Things to Do

Things to Do in Washington, August 6-9

Arts, entertainment, and fun in DC, Maryland, and Virginia right now.

Illustration by Hannah Good.

Hello folks,

Exciting news: We’re relaunching Washingtonian’s Things to Do on Washingtonian dot com! Since March, I’ve continued writing TTD as a twice-weekly newsletter (subscribe here!) that focused on fun activities to pass the quaran-time. Now, we’re bringing it back as a regular feature on our site.

Hold up, Gatsby said what? Improv performers will take on literary classics in a Washington Improv Theater event Thursday.

Here’s what you should check out this weekend:

Improv: What do you think about The Great Gatsby? In Washington Improv Theater’s weekly series “Hold Up,” Black artists break down and critique major literary works. As one performer reads an excerpt, others will interrupt—“hold up!”—to add their thoughts and kick off the conversation. Today’s virtual event features Samiyyah Ali, Blue Cavill, Devin McKay, Erica Johnson, Nicole McCauley, and Clyde Thompson digging into F. Scott Fitzgerald’s classic. Watch it on Facebook Live on Thursday 8/6 at 8 PM; Free.

Listen in: Learn more about DC’s racial history in a virtual book talk featuring Chris Myers Asch, author of Chocolate City: A History of Race and Democracy in the Nation’s Capital. After the chat, stay for a facilitated discussion with a small breakout group. Sign up here. Thursday 8/6 at 5 PM.

Story time: The Moth, a New York-based arts organization, is hosting virtual StorySLAMs around the country where people compete to tell a great story. The theme for tonight’s DC edition is enthusiasm. At the end of the night, the audience will vote for the best storyteller. Get tickets here. Thursday 8/6 at 7:15 PM; $10.

The Monuments Debate: Mitch Landrieu was into removing Confederate monuments before it was cool. As mayor of New Orleans, he yanked down statues that had been there his whole life, then wrote a very thoughtful memoir about it as he pondered a presidential run. Among the revelations: He was prodded to take action by the renowned jazz trumpeter, and fellow New Orleans native, Wynton Marsalis. The two will discuss monuments and race in America as part of the Washington Post Live series. Friday 8/7 at noon. —recommended by Washingtonian editor Michael Schaffer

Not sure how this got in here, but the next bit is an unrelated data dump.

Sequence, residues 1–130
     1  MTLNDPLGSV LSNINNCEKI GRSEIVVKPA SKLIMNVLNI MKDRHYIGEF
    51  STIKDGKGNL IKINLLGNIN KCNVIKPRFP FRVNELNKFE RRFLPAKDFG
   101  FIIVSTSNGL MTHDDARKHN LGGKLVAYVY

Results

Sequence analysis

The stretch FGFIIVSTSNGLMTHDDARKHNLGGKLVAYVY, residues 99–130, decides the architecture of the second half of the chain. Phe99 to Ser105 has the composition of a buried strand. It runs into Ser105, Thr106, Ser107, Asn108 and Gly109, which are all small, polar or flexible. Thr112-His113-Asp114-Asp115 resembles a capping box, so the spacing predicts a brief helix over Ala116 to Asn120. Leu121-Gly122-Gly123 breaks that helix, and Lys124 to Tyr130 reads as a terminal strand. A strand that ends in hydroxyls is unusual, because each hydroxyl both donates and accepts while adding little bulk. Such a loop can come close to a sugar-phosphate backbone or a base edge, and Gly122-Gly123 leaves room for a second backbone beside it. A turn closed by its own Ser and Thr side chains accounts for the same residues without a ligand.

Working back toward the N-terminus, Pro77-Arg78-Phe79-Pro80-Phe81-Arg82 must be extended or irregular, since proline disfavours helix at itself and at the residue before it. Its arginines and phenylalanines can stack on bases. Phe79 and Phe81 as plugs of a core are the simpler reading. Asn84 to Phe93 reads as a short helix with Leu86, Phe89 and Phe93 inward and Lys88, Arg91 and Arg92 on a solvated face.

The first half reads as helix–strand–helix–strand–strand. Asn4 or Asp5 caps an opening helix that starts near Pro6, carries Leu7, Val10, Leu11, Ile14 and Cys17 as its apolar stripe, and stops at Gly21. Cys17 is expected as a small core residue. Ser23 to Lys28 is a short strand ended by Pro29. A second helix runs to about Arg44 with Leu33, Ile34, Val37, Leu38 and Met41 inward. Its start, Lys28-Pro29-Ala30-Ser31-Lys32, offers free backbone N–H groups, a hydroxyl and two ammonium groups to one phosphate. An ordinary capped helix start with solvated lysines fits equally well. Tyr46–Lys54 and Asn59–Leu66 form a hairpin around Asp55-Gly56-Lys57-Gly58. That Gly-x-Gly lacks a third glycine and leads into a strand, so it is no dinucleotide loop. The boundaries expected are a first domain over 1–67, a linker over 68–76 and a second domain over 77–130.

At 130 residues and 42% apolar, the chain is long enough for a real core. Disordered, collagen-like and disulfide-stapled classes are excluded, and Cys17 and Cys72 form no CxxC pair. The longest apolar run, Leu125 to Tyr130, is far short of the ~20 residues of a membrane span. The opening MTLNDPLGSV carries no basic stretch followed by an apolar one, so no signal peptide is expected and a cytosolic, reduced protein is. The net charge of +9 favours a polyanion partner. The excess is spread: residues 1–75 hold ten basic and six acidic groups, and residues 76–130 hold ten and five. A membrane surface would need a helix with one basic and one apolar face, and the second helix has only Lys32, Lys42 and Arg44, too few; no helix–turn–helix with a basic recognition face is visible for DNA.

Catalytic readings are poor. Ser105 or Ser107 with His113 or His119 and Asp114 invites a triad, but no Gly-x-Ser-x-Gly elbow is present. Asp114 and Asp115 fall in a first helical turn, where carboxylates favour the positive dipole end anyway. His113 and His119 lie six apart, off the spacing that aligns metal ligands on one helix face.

A Report on the Mueller Report: Jeffrey Toobin, CNN’s ubiquitous legal analyst, is out with a new book on Robert Mueller’s two-year investigation of the 2016 election. Toobin’s book—excerpted in the New Yorker, where he’s a staff writer—reaches some fairly damning conclusions about the former FBI chief’s failings. Investigative reporter Carol Leonnig interviews him about the book online at Politics and Prose. Friday 8/7 at 7 pm. —recommended by Washingtonian editor Michael Schaffer

Meme city: Axios reporter Jonathan Swan’s presidential interview got a lot of attention this week—but not necessarily for its news. Swan’s puzzled and pained facial expressions have been immortalized as the hilarious 2020 meme we needed. What would you add as a caption?

Library tour: Take a look inside the newly renovated Martin Luther King Jr. Memorial Library, which will reopen (with safety precautions) in September. There will be rooftop gardens, a kids slide and, oh yeah, books! Read more here.

Get outside: Washington is surrounded by gorgeous national parks, but if you’re not too familiar with them it might be hard to decide where you want to go. Here’s a roundup of 12 great trails to hike near DC.

Discovering our city:

We recently wrote about the inspiring Washingtonian Frank Kameny in our August issue. He was a pioneering gay activist who dedicated his life to fighting for the LGBTQ+ community particularly in DC. The Deviant’s War: The Homosexual vs. the United States of America is a new book that focuses on Kameny’s life after he was fired by the federal government for his sexual orientation. According to author Eric Cervini, Kameny was behind “Washington’s first organized demonstration of homosexuals” in April 1965 when he led a picket in front of the White House.

Say it.
You can see traces of Kameny’s movement and impact around the city and you can even visit his tombstone in Congressional Cemetery that includes his slogan, “Gay is good!” After his death in 2011, he has continued to influence contemporary queer culture and history. DC couple Matthew Riemer and Leighton Brown, who run the popular @lgbt_history Instagram account, credit Kameny’s tombstone unveiling as a powerful moment that motivated them to start digging into queer history and later write We Are Everywhere: Protest, Power, and Pride in the History of Queer Liberation. You might hear Kameny’s name more in the future, too: Last month FX announced a limited series called 81 Words that will focus on Kameny’s work with Barbara Gittings to challenge the medical world’s warped view of queer and trans people as mentally ill. It’s a project that will be written by Steven Canals, the queer Afro-Latinx co-creator of Pose, so I can’t wait to watch.

P.S. For queer history nerds who are craving a good adventure into the archives, the DC Public Library has a vast database of Washington Blade issues from 1969-1999 and a collection of Women in the Life, which was a local magazine by and for DC’s Black lesbian community.

Thanks for reading! Tell me what you’re up to at home by dropping me a line at rcartagena@washingtonian.com.

Web Producer/Writer

Rosa joined Washingtonian in 2016 after graduating from Mount Holyoke College. She covers arts and culture for the magazine. She’s written about anti-racism efforts at Woolly Mammoth Theatre, dinosaurs in the revamped fossil hall at the Smithsonian’s Natural History Museum, and the horrors of taking a digital detox. When she can, she performs with her family’s Puerto Rican folkloric music ensemble based in Jersey City. She lives in Adams Morgan.